• $\begingroup$ The specifics certainly will depend on learning rate, but I think the overall effect is the same regardless. $\endgroup$ – Ben Reiniger Oct 6 at 16:27
  • $\begingroup$ @RevolucionforMonica But I'm surprised by the results of your Update. I'll think and play around a bit... $\endgroup$ – Ben Reiniger Oct 6 at 16:28
  • $\begingroup$ @RevolucionforMonica, I think you're right that if the learning rate is sufficiently small, then that first tree's loss still doesn't affect the total predictions enough; the future trees are "out of context," but only by a small shift. Learning rates in [0.1, 1] or so should see a more dramatic hit. $\endgroup$ – Ben Reiniger Oct 27 at 18:00
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In Random Forest, each trea of the forest is trained independant from the others. There's no relation between trees.

To summarise very quickly, if you have a dataset with 10 attributes, each tree will select n (a parameter you have to fix) attributes among the 10, and create a basic decision tree (like C4.5 style) only with those n attributes knowledge. Then, when you want to predict a new value, it goes to all the trees of your forest, and predict the output the majority of trees predicted.

So wether you remove number 1st, k, or 100th tree, the model will act the same (and almost the same as if you'd remove nothing, since it would just transform the model to a 99-tree forest instead of a 100 one).

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  • 1
    $\begingroup$ In a random forest, features are randomly selected per split, not by tree. $\endgroup$ – Michael M Oct 5 at 16:18
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    $\begingroup$ This means that Random Forest is a highly parallelizable algorithm: each node can train a tree without any communication with any other node, and when the model is applied to a particular dataset, each tree can give a score independently of the rest. $\endgroup$ – Acccumulation Oct 5 at 22:58
  • $\begingroup$ @MichaelM I didn't know about that, I'm still pretty new on data science. Could you explain what you mean by "per split" ? I don't really understand. Do you mean "each time a tree splits" ? $\endgroup$ – BeamsAdept Oct 6 at 6:58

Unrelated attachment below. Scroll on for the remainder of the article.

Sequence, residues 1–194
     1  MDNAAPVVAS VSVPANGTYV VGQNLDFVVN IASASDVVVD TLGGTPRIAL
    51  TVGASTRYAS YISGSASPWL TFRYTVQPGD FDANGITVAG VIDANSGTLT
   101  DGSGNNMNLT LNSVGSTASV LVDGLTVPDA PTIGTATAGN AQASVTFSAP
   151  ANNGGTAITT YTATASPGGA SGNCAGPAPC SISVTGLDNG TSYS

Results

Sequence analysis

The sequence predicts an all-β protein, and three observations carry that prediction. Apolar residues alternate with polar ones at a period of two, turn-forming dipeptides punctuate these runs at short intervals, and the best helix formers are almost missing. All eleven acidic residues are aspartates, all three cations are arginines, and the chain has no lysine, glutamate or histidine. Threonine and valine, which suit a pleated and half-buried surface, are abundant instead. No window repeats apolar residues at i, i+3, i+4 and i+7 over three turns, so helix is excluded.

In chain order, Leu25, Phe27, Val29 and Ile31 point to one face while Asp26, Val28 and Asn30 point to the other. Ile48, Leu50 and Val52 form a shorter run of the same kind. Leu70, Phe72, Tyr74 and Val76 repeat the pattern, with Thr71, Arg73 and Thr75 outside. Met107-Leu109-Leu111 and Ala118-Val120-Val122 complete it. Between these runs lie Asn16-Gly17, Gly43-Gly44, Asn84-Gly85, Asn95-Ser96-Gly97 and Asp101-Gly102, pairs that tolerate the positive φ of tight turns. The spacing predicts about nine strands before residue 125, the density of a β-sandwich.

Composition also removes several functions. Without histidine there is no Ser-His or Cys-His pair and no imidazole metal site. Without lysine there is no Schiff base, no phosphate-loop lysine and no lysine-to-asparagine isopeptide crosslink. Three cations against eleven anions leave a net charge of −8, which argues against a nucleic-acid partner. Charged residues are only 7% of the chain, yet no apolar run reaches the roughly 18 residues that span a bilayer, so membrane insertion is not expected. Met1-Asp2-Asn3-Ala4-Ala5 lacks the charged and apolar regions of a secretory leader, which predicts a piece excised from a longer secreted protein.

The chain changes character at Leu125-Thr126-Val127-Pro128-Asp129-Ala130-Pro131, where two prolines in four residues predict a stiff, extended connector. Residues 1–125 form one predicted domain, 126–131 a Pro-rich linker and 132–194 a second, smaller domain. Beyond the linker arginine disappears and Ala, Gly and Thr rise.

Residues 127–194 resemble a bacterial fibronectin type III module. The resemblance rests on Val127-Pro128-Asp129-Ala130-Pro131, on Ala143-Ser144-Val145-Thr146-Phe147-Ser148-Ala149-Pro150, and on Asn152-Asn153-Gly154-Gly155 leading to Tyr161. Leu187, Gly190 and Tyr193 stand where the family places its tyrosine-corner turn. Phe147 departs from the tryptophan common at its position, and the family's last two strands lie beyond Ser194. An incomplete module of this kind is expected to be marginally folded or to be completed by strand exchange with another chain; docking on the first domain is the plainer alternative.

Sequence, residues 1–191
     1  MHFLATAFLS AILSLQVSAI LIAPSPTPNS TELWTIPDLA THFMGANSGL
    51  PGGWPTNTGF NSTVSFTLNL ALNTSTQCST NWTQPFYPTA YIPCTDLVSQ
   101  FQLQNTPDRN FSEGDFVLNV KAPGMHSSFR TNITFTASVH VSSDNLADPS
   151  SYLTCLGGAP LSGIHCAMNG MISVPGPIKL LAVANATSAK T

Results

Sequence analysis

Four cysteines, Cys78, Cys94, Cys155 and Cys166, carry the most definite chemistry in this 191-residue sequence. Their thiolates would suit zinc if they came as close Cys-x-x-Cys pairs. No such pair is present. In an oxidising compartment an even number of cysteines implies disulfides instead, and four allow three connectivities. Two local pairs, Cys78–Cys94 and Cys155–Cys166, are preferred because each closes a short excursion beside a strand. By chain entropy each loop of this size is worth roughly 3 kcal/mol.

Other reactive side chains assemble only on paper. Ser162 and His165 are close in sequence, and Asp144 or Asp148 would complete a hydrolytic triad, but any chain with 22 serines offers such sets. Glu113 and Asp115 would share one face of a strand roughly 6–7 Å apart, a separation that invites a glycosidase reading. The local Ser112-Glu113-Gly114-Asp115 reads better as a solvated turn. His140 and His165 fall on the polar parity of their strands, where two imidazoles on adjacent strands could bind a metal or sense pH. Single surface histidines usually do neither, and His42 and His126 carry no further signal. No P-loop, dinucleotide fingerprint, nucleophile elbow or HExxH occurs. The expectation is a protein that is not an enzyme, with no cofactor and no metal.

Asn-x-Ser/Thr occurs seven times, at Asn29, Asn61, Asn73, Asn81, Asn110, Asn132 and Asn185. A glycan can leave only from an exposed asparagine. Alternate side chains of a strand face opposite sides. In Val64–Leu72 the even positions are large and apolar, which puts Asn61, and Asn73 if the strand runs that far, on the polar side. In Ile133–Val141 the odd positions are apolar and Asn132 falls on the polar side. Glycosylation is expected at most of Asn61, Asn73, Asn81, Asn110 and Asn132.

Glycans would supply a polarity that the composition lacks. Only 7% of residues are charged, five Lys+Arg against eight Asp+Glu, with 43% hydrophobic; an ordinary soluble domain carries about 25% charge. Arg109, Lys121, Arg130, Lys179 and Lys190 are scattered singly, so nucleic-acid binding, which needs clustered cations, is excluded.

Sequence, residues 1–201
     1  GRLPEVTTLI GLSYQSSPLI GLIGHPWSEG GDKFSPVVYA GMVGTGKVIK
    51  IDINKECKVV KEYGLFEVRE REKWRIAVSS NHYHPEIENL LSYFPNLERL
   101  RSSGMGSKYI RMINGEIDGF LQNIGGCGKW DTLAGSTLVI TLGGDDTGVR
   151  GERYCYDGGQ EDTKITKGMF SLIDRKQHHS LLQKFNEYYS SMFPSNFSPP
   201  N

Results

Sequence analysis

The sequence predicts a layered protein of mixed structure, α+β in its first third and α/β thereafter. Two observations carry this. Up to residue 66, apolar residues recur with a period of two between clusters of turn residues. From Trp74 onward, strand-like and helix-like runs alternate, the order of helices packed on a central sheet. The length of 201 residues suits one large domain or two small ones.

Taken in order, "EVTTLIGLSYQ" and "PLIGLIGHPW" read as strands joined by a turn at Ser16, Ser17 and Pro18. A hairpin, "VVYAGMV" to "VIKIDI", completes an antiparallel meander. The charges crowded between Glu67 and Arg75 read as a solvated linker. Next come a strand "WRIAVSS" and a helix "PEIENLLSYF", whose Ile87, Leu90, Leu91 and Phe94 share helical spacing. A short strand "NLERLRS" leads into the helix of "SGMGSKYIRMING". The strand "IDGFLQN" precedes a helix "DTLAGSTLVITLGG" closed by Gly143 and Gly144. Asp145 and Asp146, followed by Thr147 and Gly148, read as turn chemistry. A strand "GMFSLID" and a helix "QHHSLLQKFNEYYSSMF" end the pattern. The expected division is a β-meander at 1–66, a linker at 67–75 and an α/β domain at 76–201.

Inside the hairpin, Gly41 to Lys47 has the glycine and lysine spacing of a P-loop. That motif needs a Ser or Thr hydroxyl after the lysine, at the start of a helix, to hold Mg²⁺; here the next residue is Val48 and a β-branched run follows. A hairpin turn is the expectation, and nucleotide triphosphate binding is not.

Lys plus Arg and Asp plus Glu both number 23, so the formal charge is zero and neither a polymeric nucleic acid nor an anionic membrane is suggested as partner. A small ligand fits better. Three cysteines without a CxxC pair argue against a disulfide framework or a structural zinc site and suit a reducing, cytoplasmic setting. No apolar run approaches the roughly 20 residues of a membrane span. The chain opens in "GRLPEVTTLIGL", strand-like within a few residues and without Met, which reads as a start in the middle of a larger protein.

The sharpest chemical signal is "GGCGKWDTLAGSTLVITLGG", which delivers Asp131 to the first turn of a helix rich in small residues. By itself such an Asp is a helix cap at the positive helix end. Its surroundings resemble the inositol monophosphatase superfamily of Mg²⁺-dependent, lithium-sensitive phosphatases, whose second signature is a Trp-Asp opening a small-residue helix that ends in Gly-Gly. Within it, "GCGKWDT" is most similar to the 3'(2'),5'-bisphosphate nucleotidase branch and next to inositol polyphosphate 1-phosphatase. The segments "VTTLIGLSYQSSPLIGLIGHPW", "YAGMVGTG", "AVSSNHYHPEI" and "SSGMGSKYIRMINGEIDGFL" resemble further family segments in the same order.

• $\begingroup$ @BeamsAdept: Each "split" is indeed one node in one tree. In a Random Forest, each nodes holds one feature value. $\endgroup$ – MSalters Oct 6 at 10:38
  • $\begingroup$ @Acccumulation: Also, the number of trees that agree is a workable confidence measure. $\endgroup$ – MSalters Oct 6 at 10:40
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In the case of Random Forest, a new tree is built without any input from the previously built trees. If the number of trees built is high, dropping any one tree when making a decision won't affect the final output of the random forest model unless the dropped tree holds information about an extreme outlier that impacts the ensemble model.

In the case of Boosting, the output of the trees are aggregated in the following fashion:

$f^1(x) = f^{0}(x)+\theta_1\phi_1(x)$

$f^2(x) = f^{0}(x)+\theta_1\phi_1(x) + \theta_2\phi_2(x) = f^{1}(x)+\theta_2\phi_2(x)$

$f^2(x) = f^{0}(x)+\theta_1\phi_1(x) + \theta_2\phi_2(x) +\theta_3\phi_3(x) = f^{2}(x)+\theta_3\phi_3(x)$

...

$f^n(x) = f^{(n-1)}(x)+\theta_m\phi_m(x)$

where $f^0(x)$ is an initial guess, $f^i(x)$ is the function learnt by the ensemble with $i$ trees, $\phi_i(x)$ is the $i$-th tree, $\theta_i$ is the $i$-th weight associated with the $i$-th tree and tree $\phi_i$ is learnt based on the error made by $f^{i-1}(x)$.

How the tree removal impacts the ensemble model depends on the function $f(x)$ you are trying to learn. Here are 2 simplified scenarios:

  1. If $f(x)$ is simple enough that the $f^1(x)$ is able to capture $f(x)$ from the first tree $\phi^1(x)$, the subsequent trees will add little value to the ensemble model. In that case, you may not see any noticeable drop in performance if you drop the final trees.

  2. If $f(x)$ is complex, then dropping $f^1(x)$ from the ensemble model will noticeably impact the ensemble model's performance. In this setting when $n$ is large, the $n$-th tree might add little value to the ensemble model.